News & Media
October 27, 2014

NEC warns of misuse of Z clauses in contracts

NEC warns of misuse of Z clauses in contracts

In a bid to continually improve industry standards, NEC has this month started a campaign to reduce the misuse of Z clauses in NEC contracts, with a view to increase understanding of the clauses by all users, worldwide.

Within a recent webinar, Peter Higgins, previous Chairman of the NEC Drafting Panel and member of the NEC Board, and Robert Gerrard, NEC Users’ Group Secretary, warned NEC users of the incorrect use of Z clauses, which, as a result, is counteracting the effectiveness of the contracts.

Z clauses can be inserted into NEC contracts to enable parties to agree additional conditions of contracts, in order to cater for specific needs relating to the project and the terms of its delivery. Within the NEC webinar, which was attended by hundreds of industry professionals, NEC panellists discussed the need for Z clauses, the types available and the major impact incorrect usage can have on NEC contracts, which raised the debate of whether practitioners are using Z clauses appropriately.

Rekha Thawrani, general manager for NEC, comments: ‘The biggest problem with the misuse of Z clauses is that when they’re used incorrectly, they change the risk profile of a contract. The issue all users can face is that if a Z clause is wrongly inserted, it can make the contract ambiguous. As a result, good project management can be hampered and the project is likely to cost more, or take longer to complete.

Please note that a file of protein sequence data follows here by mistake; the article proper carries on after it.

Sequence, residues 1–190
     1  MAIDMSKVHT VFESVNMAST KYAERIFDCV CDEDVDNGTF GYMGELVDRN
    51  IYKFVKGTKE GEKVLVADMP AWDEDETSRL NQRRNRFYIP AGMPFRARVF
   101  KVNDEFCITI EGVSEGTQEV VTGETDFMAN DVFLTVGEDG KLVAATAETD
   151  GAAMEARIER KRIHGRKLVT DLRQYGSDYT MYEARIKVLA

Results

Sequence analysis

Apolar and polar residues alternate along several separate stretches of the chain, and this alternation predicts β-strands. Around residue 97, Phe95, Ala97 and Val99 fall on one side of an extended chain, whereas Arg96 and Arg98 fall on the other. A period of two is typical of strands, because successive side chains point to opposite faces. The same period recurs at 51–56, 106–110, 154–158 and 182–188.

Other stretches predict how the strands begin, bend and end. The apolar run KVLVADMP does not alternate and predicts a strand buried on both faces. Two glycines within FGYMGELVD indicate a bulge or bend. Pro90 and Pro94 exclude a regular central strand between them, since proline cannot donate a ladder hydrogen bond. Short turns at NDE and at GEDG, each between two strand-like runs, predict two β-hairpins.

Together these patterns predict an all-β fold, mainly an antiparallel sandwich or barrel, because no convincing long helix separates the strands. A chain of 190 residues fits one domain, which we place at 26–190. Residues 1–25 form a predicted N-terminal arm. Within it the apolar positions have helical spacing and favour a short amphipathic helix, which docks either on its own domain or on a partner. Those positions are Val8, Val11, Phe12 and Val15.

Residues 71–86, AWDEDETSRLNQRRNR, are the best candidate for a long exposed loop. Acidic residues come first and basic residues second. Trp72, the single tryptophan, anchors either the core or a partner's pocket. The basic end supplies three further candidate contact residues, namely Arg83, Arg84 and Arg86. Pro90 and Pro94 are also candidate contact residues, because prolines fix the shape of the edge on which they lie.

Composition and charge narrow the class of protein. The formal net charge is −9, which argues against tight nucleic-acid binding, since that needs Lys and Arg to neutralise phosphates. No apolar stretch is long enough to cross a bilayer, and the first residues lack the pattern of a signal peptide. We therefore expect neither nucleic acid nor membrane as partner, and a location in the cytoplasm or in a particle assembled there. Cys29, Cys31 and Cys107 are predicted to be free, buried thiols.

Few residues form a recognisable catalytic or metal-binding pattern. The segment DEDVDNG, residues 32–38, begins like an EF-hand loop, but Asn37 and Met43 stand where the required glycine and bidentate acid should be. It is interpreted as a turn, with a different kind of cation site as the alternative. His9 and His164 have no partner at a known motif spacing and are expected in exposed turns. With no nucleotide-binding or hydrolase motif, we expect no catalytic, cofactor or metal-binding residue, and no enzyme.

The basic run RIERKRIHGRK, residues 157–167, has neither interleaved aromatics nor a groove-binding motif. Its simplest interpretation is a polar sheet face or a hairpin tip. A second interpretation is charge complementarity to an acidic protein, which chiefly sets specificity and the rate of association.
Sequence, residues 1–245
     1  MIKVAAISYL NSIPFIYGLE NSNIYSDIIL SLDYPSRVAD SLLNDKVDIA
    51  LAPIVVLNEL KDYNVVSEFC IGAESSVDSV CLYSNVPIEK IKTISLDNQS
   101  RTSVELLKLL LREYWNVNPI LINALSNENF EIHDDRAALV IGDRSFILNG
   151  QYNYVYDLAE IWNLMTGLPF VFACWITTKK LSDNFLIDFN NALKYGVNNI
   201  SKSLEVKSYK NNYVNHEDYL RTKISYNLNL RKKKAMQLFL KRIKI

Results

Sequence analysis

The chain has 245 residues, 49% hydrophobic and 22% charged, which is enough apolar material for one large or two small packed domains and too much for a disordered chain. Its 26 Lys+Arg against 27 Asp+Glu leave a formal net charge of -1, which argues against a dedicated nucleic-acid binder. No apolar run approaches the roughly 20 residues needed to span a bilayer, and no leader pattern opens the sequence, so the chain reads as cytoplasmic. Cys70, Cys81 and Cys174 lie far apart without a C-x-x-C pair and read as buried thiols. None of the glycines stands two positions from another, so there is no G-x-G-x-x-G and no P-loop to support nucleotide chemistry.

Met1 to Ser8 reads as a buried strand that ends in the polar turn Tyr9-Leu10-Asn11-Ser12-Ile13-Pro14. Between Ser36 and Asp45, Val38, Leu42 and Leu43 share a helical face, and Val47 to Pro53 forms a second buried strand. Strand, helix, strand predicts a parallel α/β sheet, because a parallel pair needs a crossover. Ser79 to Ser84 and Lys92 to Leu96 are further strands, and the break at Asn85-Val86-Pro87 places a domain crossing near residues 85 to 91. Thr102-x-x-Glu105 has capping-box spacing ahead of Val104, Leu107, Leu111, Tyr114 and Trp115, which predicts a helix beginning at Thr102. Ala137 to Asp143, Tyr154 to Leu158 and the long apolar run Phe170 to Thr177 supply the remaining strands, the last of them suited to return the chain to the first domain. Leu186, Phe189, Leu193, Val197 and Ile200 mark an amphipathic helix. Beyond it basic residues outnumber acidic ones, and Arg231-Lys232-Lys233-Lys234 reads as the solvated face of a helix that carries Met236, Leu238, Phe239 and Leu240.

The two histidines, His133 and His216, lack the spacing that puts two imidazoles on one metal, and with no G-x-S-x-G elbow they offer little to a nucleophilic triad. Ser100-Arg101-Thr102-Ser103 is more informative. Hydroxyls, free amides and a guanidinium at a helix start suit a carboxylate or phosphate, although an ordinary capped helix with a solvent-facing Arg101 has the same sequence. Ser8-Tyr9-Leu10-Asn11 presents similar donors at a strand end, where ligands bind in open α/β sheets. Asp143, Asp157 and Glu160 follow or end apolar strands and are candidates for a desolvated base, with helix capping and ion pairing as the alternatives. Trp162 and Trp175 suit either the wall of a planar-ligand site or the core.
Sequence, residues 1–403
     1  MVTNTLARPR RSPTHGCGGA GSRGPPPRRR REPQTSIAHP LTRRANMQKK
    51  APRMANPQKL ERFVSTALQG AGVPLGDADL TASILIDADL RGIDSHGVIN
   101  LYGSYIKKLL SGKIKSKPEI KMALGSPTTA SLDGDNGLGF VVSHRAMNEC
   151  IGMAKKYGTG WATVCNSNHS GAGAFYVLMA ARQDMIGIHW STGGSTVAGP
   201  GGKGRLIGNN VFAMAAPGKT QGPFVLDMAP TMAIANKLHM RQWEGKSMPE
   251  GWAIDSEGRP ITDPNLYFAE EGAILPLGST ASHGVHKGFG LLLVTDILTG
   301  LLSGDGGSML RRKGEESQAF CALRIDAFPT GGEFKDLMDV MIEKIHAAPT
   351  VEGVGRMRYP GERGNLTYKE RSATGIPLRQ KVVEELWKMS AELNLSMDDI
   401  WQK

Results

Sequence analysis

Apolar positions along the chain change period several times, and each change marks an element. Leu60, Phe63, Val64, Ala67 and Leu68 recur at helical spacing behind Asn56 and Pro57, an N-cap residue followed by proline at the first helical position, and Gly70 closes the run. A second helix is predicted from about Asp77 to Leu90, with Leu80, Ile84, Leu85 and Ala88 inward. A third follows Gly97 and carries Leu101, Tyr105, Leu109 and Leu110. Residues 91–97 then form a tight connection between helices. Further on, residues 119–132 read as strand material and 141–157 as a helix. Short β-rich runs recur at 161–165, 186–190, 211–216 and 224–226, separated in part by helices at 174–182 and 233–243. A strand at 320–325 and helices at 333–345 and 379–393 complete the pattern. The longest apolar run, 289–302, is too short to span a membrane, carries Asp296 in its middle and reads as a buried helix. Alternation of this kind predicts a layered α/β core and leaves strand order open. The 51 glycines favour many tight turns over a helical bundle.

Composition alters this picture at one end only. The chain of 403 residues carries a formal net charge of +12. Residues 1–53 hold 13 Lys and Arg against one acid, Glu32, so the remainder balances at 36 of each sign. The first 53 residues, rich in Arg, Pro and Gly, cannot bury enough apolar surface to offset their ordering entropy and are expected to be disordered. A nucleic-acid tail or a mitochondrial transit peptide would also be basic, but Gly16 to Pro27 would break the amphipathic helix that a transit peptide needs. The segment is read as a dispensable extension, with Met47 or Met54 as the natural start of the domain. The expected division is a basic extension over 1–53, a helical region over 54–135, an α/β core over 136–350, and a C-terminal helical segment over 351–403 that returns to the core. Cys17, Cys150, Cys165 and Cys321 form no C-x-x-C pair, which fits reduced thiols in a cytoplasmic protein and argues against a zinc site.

‘NEC contracts have a balanced risk allocation to tailor to almost any circumstance, which means that if you don’t like the balance, then both parties should reconsider the contract you’re using, before adding clauses. If an additional clause does need to be inserted then the client should ensure that it complements the existing contract terms, avoids duplication and what’s more is; flexible, clear and stimulates good project management.

‘Clauses should only be inserted if they define what is required and should be drafted by someone with experience of NEC, who understands how the clauses will affect the rest of the contract.’

Watch the recorded Z Clause webinar.

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